One of the reasons why galvanic corrosions occur on boats is that its protective layers are painted over.

Making sure that the right kind of paint is used is of utmost importance since chemical reactions may occur in using the wrong ones.

Fortunately, many paints are available that protect the boat from galvanic corrosion, and experts know better about this. 

7. Make sure there is the right amount of zinc or aluminum block.

Zinc and aluminum can cause several reactions if not used properly. These elements require proper use.

That is why it is important to have the right amount of them used on boats because too much or not enough can cause electrolysis or corrosion.

8. As much as possible, stay away from boats that don’t look good.

Galvanic corrosion can also occur because of nearby boats with electrical issues. Electrical reactions can occur if your boat came in contact with a faulty one.

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That is why when you see a nearby boat that doesn’t look good. As much a possible, stay away from it so you can avoid electrolysis on yours.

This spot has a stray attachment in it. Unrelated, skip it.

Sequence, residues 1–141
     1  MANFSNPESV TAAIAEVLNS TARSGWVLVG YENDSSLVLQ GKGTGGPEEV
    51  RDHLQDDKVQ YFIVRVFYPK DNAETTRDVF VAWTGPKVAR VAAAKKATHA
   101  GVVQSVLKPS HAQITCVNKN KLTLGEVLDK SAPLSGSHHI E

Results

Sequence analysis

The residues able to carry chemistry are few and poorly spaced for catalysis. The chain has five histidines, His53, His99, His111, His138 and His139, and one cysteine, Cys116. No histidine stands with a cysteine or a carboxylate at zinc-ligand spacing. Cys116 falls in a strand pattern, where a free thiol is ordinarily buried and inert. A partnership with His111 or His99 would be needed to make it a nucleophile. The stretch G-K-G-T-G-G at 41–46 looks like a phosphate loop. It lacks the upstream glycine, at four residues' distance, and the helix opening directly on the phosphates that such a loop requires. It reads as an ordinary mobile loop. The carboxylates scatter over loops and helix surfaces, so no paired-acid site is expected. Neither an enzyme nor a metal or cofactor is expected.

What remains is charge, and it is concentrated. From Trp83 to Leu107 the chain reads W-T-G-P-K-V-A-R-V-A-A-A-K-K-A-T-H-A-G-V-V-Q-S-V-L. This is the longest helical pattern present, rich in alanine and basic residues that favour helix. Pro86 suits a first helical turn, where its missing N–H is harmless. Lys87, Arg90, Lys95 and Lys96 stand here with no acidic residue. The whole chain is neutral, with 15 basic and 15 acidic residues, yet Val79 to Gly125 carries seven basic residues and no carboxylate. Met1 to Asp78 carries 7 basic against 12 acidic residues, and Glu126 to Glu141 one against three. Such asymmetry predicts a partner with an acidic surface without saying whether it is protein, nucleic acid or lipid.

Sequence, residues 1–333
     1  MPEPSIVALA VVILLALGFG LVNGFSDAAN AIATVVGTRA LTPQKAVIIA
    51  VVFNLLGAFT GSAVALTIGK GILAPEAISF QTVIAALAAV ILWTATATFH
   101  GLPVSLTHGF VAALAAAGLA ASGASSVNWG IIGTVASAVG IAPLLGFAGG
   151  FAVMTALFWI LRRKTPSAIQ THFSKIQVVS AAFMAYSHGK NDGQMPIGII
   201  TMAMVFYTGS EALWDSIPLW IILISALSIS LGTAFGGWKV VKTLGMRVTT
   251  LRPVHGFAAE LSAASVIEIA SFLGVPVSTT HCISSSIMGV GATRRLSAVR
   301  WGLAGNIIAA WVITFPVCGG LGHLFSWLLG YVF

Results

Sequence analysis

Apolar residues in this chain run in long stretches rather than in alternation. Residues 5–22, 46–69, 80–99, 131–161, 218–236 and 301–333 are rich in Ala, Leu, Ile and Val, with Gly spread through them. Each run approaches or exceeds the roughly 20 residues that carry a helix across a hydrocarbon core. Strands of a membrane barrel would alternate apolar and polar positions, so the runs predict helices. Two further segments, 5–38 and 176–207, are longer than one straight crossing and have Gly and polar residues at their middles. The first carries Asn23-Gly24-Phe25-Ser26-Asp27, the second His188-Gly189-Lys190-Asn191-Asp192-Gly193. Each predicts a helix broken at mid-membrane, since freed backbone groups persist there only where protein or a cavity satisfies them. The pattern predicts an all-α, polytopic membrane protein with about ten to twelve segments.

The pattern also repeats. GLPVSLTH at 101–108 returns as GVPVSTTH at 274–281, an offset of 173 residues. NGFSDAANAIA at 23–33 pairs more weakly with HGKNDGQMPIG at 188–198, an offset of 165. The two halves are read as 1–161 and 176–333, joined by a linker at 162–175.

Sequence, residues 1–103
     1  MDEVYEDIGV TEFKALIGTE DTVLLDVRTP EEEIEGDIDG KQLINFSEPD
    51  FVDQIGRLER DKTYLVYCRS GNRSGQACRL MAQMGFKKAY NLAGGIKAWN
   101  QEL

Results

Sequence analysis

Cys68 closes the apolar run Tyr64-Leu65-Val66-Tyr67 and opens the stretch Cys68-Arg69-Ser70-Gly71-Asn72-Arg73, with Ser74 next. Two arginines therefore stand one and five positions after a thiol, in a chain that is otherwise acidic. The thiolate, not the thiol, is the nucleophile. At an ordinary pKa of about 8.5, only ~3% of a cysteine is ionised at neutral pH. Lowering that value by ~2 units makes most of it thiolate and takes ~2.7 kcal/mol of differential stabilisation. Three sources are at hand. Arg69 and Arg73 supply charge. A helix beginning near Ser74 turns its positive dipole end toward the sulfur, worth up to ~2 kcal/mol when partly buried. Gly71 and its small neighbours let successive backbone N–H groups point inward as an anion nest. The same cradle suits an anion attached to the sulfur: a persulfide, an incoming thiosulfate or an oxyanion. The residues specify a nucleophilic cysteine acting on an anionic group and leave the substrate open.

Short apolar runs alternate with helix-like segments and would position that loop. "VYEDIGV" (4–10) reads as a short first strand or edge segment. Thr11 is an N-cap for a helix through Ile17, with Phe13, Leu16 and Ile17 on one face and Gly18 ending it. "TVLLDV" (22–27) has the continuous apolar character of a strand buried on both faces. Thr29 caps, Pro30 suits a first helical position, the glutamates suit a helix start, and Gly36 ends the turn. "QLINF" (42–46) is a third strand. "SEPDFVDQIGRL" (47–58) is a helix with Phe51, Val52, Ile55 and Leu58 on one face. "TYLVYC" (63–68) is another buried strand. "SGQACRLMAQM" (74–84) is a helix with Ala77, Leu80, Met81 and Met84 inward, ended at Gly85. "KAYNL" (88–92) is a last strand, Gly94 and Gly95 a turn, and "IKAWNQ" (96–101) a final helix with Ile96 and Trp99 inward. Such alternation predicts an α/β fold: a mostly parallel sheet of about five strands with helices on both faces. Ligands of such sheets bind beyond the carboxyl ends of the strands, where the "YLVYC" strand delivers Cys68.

9. Have a sacrificial anode present in your boat.

A sacrificial anode is a piece of metal that can break a reaction between two exposed metals. It is less noble than the two metals that can bond and create galvanic corrosion or electrolysis.

Sacrificial anodes are an important element that can prevent damages to your boat. That is, it is also important to know when to replace it. 

10. Install galvanic isolators.

Galvanic isolators or transformer is a piece of equipment for your boat that can protect it from stray currents.

Stray currents can come from shore-based facilities, and when it reaches your boat, it can create an unwanted reaction and cause electrolysis. 

These are just ways to avoid or prevent Galvanic corrosion (also known as electrolysis) on your boat.

Though it may seem complicated, it is not harmful to consult experts on the right materials to use on your boat to prevent any danger and damage.